43

I'm writing a register form for a application but still having problems with being new to c#.

I am looking to encrypt/hash passwords to md5 or sha-256, preferably sha-256.

Any good examples? I want it to be able to take the information from "string password;" and then hash it and store in the variable "string hPassword;". Any ideas?

  • 4
    What are you going to do with the hashed password? Store it in a database? Then simply hashing it is not enough ( Rainbow table ). Use salts. – dtb Dec 1 '10 at 22:47
  • 2
    I will be storing it in a database. What do you recommend. – Sean Dec 1 '10 at 23:48
  • 1
    People please be aware that the answers below are getting out of date. And keep in mind you should never ever use MD5 for hashing password any more. It's old, broken, and obsolete. The easiest, up-to-date and secure solution for most people would be bcrypt. At least when this comment was written :) Argon2 is probably going to be the standard recommendation soon. – Sammi Apr 7 '16 at 9:23
78

Don't use a simple hash, or even a salted hash. Use some sort of key-strengthening technique like bcrypt (with a .NET implementation here) or PBKDF2 (with a built-in implementation).

Here's an example using PBKDF2.

To generate a key from your password...

string password = GetPasswordFromUserInput();

// specify that we want to randomly generate a 20-byte salt
using (var deriveBytes = new Rfc2898DeriveBytes(password, 20))
{
    byte[] salt = deriveBytes.Salt;
    byte[] key = deriveBytes.GetBytes(20);  // derive a 20-byte key

    // save salt and key to database
}

And then to test if a password is valid...

string password = GetPasswordFromUserInput();

byte[] salt, key;
// load salt and key from database

using (var deriveBytes = new Rfc2898DeriveBytes(password, salt))
{
    byte[] newKey = deriveBytes.GetBytes(20);  // derive a 20-byte key

    if (!newKey.SequenceEqual(key))
        throw new InvalidOperationException("Password is invalid!");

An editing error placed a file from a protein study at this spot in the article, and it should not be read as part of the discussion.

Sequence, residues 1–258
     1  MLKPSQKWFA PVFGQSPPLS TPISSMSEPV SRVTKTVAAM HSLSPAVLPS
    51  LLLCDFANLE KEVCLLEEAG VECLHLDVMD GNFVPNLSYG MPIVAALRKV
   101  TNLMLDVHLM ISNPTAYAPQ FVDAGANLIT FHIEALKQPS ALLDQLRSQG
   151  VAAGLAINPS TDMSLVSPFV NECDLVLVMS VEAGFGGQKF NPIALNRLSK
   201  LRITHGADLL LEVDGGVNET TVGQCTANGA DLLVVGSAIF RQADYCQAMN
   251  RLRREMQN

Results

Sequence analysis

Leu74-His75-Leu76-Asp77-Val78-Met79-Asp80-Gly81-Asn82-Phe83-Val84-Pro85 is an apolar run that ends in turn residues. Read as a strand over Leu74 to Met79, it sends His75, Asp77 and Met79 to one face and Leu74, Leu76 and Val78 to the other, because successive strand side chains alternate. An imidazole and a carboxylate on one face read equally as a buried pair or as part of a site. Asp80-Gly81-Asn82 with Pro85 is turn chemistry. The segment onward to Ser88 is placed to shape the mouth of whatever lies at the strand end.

}
  • 3
    I assume in your post where you say of PBKDF2, you intended to say OR. I would not recommend the use of bcrypt in .NET, StackOverflow abandoned bcrypt to use PBKDF2. See the remarks from Kevin Montrose on the StackOverflow blog blog.stackoverflow.com/2011/05/… – Chris Marisic Aug 8 '11 at 16:48
  • 1
    @Chris: Yes, I meant "or PBKDF2"; updated. I'd personally go for PBKDF2 too, although I'm not aware of any strong reasons not to use bcrypt. (I've only ever heard good things said about it.) – LukeH Aug 8 '11 at 17:09
  • 2
    The issue with bcrypt is that there is no .NET implementation of it that has been verified, this is why StackOverflow choose to drop their usage of bcrypt. They did not wish to spend the resources to have the implementation verified whereas the included PBKDF2 native implementation in .NET has been verified for Microsoft already. – Chris Marisic Aug 8 '11 at 17:09
  • 1
    A direct link to where StackOverflow details changing to use PBKDF2 is here: blog.stackoverflow.com/2011/05/… – Brad Parks Aug 9 '13 at 13:18
  • 1
    @NH. - You're right, that link isn't good anymore... I used the Wayback Machine to go and find the old version of that page, and it turns out it was in the comments of the page, which have gone missing since they moved the domain to a .blog domain. So here is a link to where StackOverflow details changing to use PBKDF2. – Brad Parks Oct 19 '17 at 21:57
54

You're going to want to use the System.Security.Cryptography namespace; specifically, the MD5 class or the SHA256 class.